Last week, President Barack Obama visited Virginia to talk about forced budget cuts that have now begun to take effect since March 1. In my view, the President did not need to travel 180 miles to know this simple fact: These forced budget cuts, known as "sequestration," will irreparably harm our nation's security and its all-volunteer force, and in turn will affect so many individuals and families in Virginia. While I was pleased that the president acknowledged the many challenges facing Virginia, I was disappointed not to hear more specifics for how he thinks this immediate challenge should be addressed. These cuts could have drastic implications for our region, not to mention risking the readiness of our armed forces and the functionality of our federal government. Our region is full of citizens whose roles are vital to the defense of this nation and the vital functions of government; Virginia will undoubtedly feel the effects of sequestration far more than most states. Implementing massive, arbitrary cuts, instead of specific, targeted reductions in wasteful spending, simply risks leaving our nation with a hollow military force and a disabled government. In addition, a ripple effect on Virginia will drastically effect the economy, with job losses in Virginia alone estimated to reach over 200,000.
Since sequestration was set in motion with the failure of the so-called Super Committee in November 2011, I have sounded the alarm about the importance of averting these cuts. My efforts have continued in recent weeks, and I will continue to fight for commonsense spending cuts, instead of these uneven, short-sighted reductions. I've been fighting sequestration implementation: I have voted four times for solutions to both cut government and ensure the federal government, and especially the Department of Defense, has what it needs to do their job and keep our nation safe. I have also cosponsored legislation to avert sequestration for one year through delayed implementation of Obamacare. I am concerned that many of my colleagues have not had the same sense of urgency that I've had over the past eighteen months to prevent sequestration and continue to reach out to educate them on the catastrophic effects of these cuts. On February 15, I joined a bipartisan group of Virginia senators and representatives in sending a letter to the president and congressional leadership, expressing our unified desire for a solution to sequestration. On February 25, I joined with the Navy League in Virginia Beach, along with my fellow Virginia Representatives Randy Forbes and Scott Rigell, to discuss the need for responsible replacements for these cuts.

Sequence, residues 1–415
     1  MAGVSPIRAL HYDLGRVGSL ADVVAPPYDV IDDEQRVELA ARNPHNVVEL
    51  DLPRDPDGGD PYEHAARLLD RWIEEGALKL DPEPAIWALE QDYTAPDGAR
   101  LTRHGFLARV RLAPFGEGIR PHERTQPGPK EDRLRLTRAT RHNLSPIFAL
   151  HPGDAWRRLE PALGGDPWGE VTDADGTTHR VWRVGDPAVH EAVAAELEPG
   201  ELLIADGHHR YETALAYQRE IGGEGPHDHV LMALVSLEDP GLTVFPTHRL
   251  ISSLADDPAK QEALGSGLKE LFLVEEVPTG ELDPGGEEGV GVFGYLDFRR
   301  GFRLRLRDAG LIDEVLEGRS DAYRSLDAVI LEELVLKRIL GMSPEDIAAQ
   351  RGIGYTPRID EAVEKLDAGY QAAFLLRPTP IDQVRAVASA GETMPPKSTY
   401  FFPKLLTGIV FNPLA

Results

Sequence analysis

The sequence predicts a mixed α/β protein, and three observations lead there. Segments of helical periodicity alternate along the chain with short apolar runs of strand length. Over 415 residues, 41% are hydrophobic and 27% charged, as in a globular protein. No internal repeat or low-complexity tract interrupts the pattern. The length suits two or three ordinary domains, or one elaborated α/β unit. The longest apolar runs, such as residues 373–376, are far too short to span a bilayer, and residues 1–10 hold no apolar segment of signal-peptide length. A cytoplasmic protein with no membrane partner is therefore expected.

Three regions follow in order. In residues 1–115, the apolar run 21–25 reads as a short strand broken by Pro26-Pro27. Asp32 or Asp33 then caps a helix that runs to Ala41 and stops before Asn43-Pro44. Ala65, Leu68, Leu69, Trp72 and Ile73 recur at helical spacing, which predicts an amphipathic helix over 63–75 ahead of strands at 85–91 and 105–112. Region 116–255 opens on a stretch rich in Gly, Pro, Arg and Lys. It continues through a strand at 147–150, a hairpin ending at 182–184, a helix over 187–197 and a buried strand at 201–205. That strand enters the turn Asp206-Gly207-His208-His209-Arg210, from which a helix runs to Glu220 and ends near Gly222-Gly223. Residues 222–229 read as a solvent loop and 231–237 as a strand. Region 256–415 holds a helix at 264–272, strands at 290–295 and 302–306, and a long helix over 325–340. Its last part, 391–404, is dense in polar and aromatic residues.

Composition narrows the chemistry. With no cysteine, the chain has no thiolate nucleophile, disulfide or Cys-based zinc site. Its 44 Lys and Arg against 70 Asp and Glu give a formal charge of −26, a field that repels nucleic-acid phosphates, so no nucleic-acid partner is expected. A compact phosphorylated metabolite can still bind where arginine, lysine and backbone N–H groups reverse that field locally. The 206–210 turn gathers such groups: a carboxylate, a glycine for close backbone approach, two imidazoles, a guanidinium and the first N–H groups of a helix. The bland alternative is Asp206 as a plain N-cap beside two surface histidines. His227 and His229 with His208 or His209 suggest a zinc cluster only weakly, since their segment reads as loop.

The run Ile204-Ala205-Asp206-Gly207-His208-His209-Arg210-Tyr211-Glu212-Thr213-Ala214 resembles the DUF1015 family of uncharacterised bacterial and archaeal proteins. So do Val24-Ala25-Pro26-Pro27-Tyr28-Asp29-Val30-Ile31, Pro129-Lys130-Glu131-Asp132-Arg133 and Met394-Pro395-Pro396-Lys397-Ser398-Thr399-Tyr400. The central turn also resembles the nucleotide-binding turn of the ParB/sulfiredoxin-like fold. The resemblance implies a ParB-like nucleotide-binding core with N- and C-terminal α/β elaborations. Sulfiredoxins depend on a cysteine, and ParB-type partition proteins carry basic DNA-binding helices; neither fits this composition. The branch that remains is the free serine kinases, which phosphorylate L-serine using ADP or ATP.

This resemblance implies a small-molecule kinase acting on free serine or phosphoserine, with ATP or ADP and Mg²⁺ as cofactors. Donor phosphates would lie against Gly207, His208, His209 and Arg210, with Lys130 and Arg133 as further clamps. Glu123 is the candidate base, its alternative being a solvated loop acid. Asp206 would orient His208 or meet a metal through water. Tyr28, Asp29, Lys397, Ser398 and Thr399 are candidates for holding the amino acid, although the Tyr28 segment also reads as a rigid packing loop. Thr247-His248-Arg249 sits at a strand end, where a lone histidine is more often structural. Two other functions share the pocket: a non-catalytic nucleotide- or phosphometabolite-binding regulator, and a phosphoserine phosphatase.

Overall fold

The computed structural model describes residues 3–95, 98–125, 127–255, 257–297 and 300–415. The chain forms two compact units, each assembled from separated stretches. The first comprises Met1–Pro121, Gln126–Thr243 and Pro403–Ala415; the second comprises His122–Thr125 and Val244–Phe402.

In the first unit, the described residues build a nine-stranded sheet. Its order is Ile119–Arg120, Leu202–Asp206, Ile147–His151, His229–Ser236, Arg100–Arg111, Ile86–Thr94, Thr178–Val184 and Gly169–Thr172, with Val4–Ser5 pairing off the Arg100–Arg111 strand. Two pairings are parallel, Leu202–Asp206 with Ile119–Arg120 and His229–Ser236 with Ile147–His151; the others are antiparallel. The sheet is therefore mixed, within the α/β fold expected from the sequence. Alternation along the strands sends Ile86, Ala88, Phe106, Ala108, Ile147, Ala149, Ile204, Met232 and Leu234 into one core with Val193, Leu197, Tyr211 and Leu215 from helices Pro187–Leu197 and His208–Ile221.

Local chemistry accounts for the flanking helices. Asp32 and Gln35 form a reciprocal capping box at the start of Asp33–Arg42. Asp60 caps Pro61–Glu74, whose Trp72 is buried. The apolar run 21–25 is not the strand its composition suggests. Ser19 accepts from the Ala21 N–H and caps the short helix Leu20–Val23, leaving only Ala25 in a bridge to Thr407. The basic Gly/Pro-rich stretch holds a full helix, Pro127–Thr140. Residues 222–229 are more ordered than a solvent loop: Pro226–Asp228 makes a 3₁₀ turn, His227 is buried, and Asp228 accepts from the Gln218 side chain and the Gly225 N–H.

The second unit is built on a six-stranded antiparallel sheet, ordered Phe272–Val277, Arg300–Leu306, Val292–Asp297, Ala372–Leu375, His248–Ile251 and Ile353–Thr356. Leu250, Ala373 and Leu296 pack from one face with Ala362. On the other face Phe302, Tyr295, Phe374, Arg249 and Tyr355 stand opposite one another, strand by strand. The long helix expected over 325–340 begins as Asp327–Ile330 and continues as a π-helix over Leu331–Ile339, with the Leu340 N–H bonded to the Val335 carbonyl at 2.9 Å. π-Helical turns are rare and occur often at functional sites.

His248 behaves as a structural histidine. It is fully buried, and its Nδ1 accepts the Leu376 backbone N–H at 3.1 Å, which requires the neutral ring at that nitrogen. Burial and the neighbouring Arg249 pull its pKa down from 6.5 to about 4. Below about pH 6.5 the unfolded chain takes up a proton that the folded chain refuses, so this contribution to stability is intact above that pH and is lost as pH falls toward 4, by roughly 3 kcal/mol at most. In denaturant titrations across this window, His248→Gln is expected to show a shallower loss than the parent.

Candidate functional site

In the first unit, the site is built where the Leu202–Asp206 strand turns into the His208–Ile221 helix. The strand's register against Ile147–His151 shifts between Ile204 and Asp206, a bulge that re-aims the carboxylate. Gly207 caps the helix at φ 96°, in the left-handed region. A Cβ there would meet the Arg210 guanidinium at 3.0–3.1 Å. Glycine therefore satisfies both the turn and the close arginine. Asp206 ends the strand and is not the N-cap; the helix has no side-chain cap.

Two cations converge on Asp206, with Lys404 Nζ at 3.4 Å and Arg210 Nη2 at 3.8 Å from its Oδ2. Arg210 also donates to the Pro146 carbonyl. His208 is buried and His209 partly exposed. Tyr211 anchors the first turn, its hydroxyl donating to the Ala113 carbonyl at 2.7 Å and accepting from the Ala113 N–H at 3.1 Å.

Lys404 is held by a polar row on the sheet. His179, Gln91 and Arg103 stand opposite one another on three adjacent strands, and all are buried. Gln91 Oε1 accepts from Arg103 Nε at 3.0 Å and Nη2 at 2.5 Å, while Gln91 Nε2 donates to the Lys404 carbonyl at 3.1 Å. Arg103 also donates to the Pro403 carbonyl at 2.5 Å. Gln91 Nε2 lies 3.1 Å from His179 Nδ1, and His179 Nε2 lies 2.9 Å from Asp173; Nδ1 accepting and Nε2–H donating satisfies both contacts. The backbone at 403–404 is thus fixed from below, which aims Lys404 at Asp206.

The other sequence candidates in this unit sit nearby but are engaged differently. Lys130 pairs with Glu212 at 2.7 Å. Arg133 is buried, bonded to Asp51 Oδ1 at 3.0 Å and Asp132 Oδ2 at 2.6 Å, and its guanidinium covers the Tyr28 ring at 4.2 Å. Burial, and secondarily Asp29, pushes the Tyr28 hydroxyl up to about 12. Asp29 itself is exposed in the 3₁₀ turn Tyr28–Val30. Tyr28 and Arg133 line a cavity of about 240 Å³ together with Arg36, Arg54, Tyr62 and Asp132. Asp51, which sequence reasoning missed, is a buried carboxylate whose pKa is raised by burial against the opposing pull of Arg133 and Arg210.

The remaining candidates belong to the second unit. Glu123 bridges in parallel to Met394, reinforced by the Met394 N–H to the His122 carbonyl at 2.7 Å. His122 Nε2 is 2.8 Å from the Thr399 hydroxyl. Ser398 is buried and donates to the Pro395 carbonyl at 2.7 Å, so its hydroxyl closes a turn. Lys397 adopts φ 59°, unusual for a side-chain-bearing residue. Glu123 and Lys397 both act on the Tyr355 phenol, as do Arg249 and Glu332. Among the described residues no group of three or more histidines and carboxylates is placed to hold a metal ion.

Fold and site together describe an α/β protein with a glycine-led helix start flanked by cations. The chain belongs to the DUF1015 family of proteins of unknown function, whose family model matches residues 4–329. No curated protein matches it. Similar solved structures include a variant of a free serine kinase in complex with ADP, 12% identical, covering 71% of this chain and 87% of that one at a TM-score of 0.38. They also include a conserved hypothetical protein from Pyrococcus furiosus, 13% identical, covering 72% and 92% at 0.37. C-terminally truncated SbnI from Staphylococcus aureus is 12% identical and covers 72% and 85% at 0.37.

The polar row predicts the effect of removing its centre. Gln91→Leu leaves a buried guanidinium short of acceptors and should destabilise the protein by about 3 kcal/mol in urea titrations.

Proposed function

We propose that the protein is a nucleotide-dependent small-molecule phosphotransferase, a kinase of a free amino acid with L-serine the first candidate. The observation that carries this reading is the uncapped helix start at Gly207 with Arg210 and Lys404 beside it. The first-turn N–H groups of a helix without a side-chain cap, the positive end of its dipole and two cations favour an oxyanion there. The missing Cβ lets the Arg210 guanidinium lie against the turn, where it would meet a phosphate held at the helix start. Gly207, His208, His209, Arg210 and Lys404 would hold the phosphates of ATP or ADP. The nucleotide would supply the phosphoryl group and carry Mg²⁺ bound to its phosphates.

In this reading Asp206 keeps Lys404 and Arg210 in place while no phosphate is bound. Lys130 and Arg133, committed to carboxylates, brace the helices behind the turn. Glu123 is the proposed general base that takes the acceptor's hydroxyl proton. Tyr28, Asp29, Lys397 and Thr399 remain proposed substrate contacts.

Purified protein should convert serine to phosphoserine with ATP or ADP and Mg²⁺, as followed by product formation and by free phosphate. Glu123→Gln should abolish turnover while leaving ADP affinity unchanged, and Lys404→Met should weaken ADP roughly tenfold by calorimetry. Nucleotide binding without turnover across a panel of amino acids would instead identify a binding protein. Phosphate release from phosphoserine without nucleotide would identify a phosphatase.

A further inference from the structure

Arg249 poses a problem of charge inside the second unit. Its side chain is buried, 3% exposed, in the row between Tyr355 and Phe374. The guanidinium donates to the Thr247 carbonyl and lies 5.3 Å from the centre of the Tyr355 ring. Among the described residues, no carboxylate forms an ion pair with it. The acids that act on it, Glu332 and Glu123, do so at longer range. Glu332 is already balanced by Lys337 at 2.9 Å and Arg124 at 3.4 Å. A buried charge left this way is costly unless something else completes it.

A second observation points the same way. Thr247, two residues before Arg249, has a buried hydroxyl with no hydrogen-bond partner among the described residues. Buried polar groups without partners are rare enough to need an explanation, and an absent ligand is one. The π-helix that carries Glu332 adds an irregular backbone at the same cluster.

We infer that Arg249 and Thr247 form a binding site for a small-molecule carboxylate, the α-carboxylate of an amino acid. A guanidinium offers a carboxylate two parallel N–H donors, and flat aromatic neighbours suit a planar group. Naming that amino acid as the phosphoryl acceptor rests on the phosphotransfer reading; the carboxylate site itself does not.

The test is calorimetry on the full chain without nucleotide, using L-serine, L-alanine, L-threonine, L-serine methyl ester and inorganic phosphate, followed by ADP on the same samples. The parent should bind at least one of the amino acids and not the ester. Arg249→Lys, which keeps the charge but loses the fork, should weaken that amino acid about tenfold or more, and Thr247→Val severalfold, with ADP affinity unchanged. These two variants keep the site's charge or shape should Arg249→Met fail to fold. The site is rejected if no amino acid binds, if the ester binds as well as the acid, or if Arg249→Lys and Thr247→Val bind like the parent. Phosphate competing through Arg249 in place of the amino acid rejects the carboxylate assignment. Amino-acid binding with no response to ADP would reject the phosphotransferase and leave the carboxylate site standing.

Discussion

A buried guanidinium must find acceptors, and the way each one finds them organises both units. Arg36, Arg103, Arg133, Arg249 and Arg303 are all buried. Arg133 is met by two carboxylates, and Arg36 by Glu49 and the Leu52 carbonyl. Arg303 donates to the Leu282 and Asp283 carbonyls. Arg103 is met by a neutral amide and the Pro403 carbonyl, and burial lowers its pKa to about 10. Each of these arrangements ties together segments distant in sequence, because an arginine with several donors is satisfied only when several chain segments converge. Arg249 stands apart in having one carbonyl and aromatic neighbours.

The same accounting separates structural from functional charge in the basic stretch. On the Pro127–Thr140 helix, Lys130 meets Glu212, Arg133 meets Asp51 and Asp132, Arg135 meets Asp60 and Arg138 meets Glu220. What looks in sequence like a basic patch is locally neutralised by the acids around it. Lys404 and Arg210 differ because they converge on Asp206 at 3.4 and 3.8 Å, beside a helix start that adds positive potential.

On March 1, while most Members of Congress had left Washington, I joined with other members of the House Armed Services Committee to discuss the catastrophic impacts of the sequester on our military. As our nation's leaders continue to toss blame back and forth, our Commonwealth already knows the detrimental effects of the sequester. Federal government workers have been notified of possible furloughs, threatening their livelihood and ability to support themselves and their families. Four American aircraft carriers sit idle at Naval Station Norfolk, capturing the stark reality of the readiness crisis that did not wait until March 1. Work for shipyard workers has been delayed and many men and women in uniform have been asked to stay home just days before they were set to deploy, injecting a great deal of stress on servicemembers and their families. It is so important that citizens in Virginia make their voice heard on this issue, and I was humbled to speak with many of you who have reached out to me on how sequestration will affect you, or your families. Please continue to share your stories on this critical issue.
If you haven't already, please take the time to take the quick survey on my website, sharing with me your thoughts on sequestration. You can also visit my website to read more on my work to fight for a commonsense solution to this issue. The main streets of Virginia's First District are full of ideas to get our economy back on track, and your feedback is so important to me as I serve you. I can be reached by telephone at (202) 225-4261, through my website (www.wittman.house.gov), on Facebook (www.facebook.com/reprobwittman), and via Twitter (www.twitter.com/robwittman).